At Kids Planet, we have put together our very own outdoor learning accreditation called ‘Udeskole’ that many of our nurseries are training towards or have already completed!
Udeskole is a Scandinavian concept that translates to “outdoor school” and is an educational approach that emphasises school-based outdoor learning. The concept of Udeskole focuses on making nature-based learning experiences an integral part of a child’s education, encouraging children to spend less time in the traditional classroom setting and more time outdoors.
The approach differs from what we would consider outdoor playtime, as through Udeskole children are actively participating in games and activities which can involve things such as studying local wildlife and observing plants. This unique method gets them directly engaged with nature and the environment around them, helping them to find their place in the world and develop their sense of self.
The Udeskole concept is growing in popularity around the world, and at Kids Planet we’re passionate about making it commonplace in all of our nurseries across the UK.
As humans, we were born to be outdoors. We began our time on earth fully immersed in the natural world, collaborating in tribes to survive but also thrive. Our evolution took place in these outdoor environments, and modern science now confirms that being in these environments brings a whole host of benefits.
Being outdoors brings about a sense of calm in our minds, lowers our blood pressure, and bolsters our immune system. All of this is concrete evidence that nature is where we belong, and being outdoors is what makes us inherently happy. However, we seem to have lost some of this connection to nature along the way.
In today’s modern world, we’re becoming more and more dislocated from nature, spending more time indoors than ever before. The lack of outdoor time we’re getting has far-reaching consequences on both our physical health and mental well-being. This is where Udeskole comes in.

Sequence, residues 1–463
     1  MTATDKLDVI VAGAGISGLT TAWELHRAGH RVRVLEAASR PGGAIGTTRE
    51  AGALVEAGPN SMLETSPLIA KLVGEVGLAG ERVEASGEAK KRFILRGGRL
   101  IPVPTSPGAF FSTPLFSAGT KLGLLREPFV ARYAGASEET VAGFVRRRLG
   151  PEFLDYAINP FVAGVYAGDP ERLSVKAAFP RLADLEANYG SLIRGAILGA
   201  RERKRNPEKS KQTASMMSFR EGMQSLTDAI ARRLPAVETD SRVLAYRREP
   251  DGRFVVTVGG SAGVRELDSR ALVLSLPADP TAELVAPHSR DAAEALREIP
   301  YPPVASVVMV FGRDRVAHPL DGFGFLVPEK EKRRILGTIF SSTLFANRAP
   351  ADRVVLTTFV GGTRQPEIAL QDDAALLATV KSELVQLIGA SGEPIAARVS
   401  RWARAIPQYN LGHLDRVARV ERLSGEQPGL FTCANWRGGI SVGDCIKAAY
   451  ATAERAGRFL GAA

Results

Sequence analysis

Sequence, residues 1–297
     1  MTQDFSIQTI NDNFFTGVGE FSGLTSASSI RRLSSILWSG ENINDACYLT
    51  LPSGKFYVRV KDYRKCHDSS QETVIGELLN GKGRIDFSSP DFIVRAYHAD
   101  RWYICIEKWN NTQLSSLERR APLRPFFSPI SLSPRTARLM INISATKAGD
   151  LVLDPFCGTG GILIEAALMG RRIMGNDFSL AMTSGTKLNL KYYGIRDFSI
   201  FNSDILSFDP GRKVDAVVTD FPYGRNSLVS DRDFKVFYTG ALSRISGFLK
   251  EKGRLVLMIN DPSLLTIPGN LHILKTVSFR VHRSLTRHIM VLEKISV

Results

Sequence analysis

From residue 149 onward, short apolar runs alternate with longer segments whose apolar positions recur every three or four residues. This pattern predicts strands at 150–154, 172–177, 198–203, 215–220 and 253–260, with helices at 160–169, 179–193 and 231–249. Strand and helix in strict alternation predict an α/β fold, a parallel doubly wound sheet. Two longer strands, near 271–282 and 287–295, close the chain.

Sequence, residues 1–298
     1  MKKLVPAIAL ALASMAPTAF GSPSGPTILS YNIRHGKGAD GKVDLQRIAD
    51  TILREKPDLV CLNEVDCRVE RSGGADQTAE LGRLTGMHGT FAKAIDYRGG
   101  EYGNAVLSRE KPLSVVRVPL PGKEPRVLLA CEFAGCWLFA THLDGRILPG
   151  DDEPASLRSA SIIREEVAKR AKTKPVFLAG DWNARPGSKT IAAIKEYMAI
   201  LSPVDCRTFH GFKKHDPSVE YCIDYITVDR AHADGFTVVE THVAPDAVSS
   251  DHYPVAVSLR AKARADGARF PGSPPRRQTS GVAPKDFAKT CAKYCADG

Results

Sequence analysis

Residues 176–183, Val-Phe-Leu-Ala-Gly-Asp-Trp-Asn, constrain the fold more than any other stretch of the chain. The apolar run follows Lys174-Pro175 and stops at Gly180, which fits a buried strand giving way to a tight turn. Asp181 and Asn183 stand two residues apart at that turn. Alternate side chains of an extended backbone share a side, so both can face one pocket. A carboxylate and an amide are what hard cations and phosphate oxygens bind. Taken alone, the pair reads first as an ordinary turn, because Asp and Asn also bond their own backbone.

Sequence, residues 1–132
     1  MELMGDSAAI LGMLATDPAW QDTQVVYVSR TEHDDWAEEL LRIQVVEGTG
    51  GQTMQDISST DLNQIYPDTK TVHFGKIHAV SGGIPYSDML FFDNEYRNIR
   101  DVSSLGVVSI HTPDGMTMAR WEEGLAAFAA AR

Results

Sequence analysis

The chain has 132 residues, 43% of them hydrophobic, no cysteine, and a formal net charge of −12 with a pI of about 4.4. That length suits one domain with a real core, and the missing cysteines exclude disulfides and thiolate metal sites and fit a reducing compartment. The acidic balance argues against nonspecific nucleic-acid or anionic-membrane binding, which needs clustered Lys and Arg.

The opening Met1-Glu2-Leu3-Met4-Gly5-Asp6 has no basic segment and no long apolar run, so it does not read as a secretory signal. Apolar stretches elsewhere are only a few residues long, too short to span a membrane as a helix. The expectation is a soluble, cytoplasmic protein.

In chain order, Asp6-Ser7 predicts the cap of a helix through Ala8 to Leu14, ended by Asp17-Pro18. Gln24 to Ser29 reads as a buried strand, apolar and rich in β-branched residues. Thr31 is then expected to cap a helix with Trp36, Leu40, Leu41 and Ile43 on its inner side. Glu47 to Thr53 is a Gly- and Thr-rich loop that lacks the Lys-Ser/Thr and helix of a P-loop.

The concept was born in Denmark, which unsurprisingly ranks as one of the top three happiest countries in the globe. This is largely attributed to how they’ve retained their profound appreciation for the outdoors, recognising its advantages and embedding it into their way of life. They believe in “friluftsliv,” which translates to “living in the open air,” which embodies this bond with nature – a lifestyle that entails spending a substantial portion of time outdoors from a young age.
Danish schools make outdoor time a regular part of their children’s learning day, and research has demonstrated that children experience notably elevated levels of joy and well-being, with improvements in their social interactions when learning outdoors as opposed to being confined to the classroom.
For them, it’s a culture – it’s what they do day in and day out. For us, the research speaks for itself – we need to hone in on their practices and embed them into our own curriculum.
Learning with nature has endless benefits for children, but some of these have gotten lost in translation over the years. As children become less active and spend more time looking at screens than they do climbing trees, Udeskole can help to reinstate our love for the outdoors and reattach us with nature.